• Take That!: To Twilight — sorry, Dusklight. If you try to read it, your character says "maybe another year", and when you find a key hidden in the book, a comment is made that "[Johnny] sure knows where to hide things".
  • Together in Death:
    • In a sense; the very last memory Johnny has is of himself and River heading for the Moon. They turn to each other and hold hands, and then Johnny flatlines.
    • After this, the final image before the credits roll is child!Johnny approaching child!River at the spot where they'd first met, albeit with a white background, and giving her the stuffed platypus. And given that this is long after Johnny had flatlined, it can be safely assumed to be this trope.
  • Trauma-Induced Amnesia: Subverted. The beta blockers Johnny takes after Joey dies make his childhood memories inaccessible, causing him to also forget the first time he met River and his promise, see also Laser-Guided Amnesia.
  • 20 Minutes into the Future: It seems the only difference between the game's world and our own is Sigmund Corp's memory rewriting technology.
  • Unexpected Gameplay Change: A few: the Whack-a-Mole game, avoiding the zombies and spikes summoned by Eva, and the fake RPG battle near the beginning. Although the last one is more of a parody of this trope.
  • Unusual Euphemism: Dr. Rosalene has a few of these, mostly vegetable-based.
    "Oh, what the corncob."
  • Utsuge: This game has a reputation for being one of the saddest western games ever made and most people shed at least a few tears by the time it's all over.
  • Wham Episode: The entire sequence when Eva and Neil (along with the player) learn why Johnny wanted to go to the moon.
  • Wham Line:
    Eva: Didn't you see it in his room, Neil? ...Johnny slept on a bunk bed.
    • Immediately followed by:
    Johnny: JOEY!!!
    • Another one later, at the culmination of Eva and Neil's contract, when you discover Johnny and River's real first meeting, finally revealing the tragic reason that Johnny wants so badly to go to the moon:
    Johnny: We can always regroup on the Moon, silly!
    • After the game's credits:
    "Episode 1: To the Moon"
    • After River and Johnny's first meeting, Eva spoils the good vibes with a line that immediately strikes a note of dread, even if you haven't sorted out what's about to happen.
    Eva: I suppose now... we know what we must do to send him to the moon.
  • White Void Room: A suppressed memory is just a white void.
  • You Know the One: The words "autism" or "Asperger's" are never uttered. Autism spectrum disorder is always referred to in-game as either "the condition" or "it".
  • You Shouldn't Know This Already: At one point, you are asked what David's main morph was in Animorphs, and you can speak to a character nearby to get the right answer. This is simple enough, but it becomes a problem if the player is familiar with the books and knows the answer because the game gets it wrong. The expected answer is a cobra, but David's actual main battle morph is a lion. Marco is the only one who ever morphed into a cobra. This was likely changed to keep people from solving the puzzle too early.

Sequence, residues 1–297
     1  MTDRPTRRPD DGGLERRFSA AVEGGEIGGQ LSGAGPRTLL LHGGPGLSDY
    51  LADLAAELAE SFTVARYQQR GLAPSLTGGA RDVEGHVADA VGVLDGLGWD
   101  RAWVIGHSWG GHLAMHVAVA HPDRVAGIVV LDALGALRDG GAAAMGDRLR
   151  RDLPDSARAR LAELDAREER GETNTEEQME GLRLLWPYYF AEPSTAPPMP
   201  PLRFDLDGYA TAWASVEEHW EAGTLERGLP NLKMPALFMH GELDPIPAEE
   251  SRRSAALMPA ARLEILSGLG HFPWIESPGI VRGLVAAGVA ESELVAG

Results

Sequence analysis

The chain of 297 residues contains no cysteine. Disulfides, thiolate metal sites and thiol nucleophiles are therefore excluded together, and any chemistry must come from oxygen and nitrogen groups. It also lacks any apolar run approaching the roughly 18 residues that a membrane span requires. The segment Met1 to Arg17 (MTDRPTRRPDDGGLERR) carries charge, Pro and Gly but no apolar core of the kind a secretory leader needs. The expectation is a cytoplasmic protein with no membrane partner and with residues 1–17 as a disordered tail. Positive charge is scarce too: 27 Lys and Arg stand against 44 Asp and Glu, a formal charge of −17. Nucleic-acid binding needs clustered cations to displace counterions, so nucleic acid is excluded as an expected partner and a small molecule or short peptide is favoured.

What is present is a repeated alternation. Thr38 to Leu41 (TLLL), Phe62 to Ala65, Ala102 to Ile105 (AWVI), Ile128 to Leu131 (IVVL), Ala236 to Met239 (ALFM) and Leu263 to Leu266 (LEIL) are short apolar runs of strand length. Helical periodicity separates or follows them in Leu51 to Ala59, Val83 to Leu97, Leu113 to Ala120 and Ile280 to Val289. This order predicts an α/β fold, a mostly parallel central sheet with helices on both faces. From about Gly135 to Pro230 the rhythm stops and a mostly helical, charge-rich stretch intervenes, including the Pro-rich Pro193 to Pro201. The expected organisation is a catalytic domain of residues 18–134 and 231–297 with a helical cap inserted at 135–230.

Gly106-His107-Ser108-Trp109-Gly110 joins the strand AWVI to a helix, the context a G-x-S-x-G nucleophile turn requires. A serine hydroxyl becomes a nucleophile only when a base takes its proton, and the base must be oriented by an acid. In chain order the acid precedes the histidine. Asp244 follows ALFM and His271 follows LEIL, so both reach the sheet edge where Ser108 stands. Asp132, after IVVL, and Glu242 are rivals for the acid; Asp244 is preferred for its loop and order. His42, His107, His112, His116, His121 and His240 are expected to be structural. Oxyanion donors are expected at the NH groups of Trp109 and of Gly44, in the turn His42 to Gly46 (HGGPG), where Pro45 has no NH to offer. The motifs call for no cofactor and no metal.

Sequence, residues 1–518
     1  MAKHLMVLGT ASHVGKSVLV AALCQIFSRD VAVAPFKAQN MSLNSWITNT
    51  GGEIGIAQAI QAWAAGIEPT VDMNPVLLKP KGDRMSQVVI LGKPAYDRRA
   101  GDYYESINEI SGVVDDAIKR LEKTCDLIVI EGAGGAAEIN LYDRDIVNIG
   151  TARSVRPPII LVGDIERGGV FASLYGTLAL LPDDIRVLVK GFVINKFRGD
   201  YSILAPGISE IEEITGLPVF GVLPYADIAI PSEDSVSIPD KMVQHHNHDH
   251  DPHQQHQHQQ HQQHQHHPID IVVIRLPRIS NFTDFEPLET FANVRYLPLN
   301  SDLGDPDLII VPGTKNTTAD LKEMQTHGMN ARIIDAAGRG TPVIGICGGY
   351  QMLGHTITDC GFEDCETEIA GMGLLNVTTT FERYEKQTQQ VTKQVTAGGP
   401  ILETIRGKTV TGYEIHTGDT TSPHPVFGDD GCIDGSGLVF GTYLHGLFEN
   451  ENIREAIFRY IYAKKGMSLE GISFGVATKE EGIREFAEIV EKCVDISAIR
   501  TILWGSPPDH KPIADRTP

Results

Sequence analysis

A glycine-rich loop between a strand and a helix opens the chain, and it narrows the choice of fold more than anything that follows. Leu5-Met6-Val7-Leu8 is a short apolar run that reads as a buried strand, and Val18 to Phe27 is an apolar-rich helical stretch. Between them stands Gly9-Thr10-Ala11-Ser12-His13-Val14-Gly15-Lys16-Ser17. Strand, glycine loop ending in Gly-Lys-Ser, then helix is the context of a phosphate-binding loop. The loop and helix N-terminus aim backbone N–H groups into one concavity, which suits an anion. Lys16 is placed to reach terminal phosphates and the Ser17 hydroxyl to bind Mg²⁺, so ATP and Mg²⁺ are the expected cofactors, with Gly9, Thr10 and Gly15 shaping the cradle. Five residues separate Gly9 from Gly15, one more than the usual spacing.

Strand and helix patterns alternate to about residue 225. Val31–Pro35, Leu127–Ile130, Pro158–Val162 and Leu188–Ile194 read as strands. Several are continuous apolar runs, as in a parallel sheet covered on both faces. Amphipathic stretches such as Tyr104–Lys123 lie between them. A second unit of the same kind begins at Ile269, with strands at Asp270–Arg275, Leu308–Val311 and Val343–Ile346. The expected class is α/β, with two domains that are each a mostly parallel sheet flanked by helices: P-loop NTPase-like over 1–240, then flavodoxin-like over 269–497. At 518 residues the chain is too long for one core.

• Although, it does dwell into Fridge Brilliance when you consider that Johnny wasn't particularly interested in the story; Joey was.

    To the Moon Minisodes 

Minisode #1: SigCorp Holiday Special

  • Breather Episode: It's more of a fun holiday special than an important part of the canon storyline. The only point that is established to the canon at the end of the game is that SigCorp's work is more controversial as we thought, as the episode ends by showing the protest group outside of SigCorp.
  • Stylistic Suck: Neil makes a video game based on the events of the main game. All characters are represented by disembodied heads, the scenery is extremely pixelated (one pixel of the scenery is the size of one RPG Maker tile) and story is extremely vague, being told by Neil getting items from various characters and placing them elsewhere to open doors.

Minisode #2

  • The Aloner: Neil tries to be one. He wants to stay in the Sigmund Corp HQ by claiming that he would enjoy living in that 'mansion' by himself. He, of course, has his own reasons. See Dark Secret below.
  • Belligerent Sexual Tension: The minisode drops quite a few of these moments between Neil and Eva.
  • The Cameo: Lily from Episode 1 makes a cameo with her two children.
  • Cool Big Sis: Eva's big sis, Traci. It's her idea to host a dinner together with Eva, Lily and her children, Dr. Winters (one of Sigmund Corp scientists) so Neil won't be left staying alone in the building.
  • Darker and Edgier: Surprisingly enough, yes, despite being a minisode! See Dark Secret and Nothing Is Scarier for details.
  • Dark Secret:
    • Neil appears to be hiding something for himself. He calls someone with his cellphone, but he doesn't talk at all despite whoever he called keeps calling on him. It appears to be his family.
    • Neil has another one, after Eva and other scientists of Sigmund left the building, he's trying to use the memory machine, which he secretly hides in his office, for an unknown reason.